Harry Kane’s sixth goal of the World Cup took him level with Gary Lineker for England’s record at a single tournament.
Kane struck from the penalty spot against Colombia, with England eventually winning through in a penalty shootout in Moscow.
Only Lineker has scored more World Cup goals overall for England than Golden Boot pace-setter Kane and here, Press Association Sport takes a look at the pair’s statistics on the big stage.
– Kane has scored with all six of his shots on target at this World Cup, with his goals coming from only nine attempts in all (two off target and one blocked). Even those numbers may be inflated by his third goal against Panama, when Ruben Loftus-Cheek’s shot looped in off his heels, being classed as a “shot”.
– His goals include three penalties – two against Panama and one against Colombia on Tuesday, when of course he also scored in the shootout that secured England’s progression.
– That contributes to four goals with his right foot, as well as a headed winner against Tunisia and what the official tournament website terms a “goal scored by backheel” against Panama.
– Kane’s goals have come in only three appearances and England have yet to score a goal without him on the pitch, either against Belgium or after he was substituted against Panama.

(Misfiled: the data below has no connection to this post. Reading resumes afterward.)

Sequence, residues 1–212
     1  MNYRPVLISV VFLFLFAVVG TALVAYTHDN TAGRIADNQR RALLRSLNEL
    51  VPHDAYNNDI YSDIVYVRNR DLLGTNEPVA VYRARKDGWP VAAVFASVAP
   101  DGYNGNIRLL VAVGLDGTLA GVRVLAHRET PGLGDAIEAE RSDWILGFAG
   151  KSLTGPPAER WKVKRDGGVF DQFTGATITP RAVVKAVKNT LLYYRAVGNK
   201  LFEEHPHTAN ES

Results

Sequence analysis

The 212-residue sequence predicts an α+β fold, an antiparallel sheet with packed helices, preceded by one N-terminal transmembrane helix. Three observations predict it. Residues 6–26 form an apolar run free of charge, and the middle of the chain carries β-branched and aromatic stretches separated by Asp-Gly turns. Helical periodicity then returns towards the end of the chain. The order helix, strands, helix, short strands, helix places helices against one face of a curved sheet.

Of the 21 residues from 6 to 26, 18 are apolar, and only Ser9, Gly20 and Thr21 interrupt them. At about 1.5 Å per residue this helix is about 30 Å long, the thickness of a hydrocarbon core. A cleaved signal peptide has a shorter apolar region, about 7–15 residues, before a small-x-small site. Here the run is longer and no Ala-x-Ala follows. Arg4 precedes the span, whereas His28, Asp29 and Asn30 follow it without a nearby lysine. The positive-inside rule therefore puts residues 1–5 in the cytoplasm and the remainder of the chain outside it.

– Kane has now scored in six successive caps, a feat last achieved by Tommy Lawton between October 1938 and May 1939.
– Only once before has an England player reached half a dozen goals in a single World Cup – Lineker in 1986.
– Lineker’s goals came in five games and, like Kane’s, featured a hat-trick – in his case against Poland in the final group game. He followed up with two against Paraguay in the next round.
– Kane’s run in Russia also echoes how clinical Lineker was from close range – all six of the latter’s goals in 1986 came from in or very close to the six-yard box. Kane scored twice from that range against Tunisia to go with his three spot-kicks and the fluke against Panama.
– Lineker added four goals at the next World Cup in 1990 to leave him as England’s all-time record holder on 10. Kane has moved ahead of 1966 hero Geoff Hurst into second place on the list.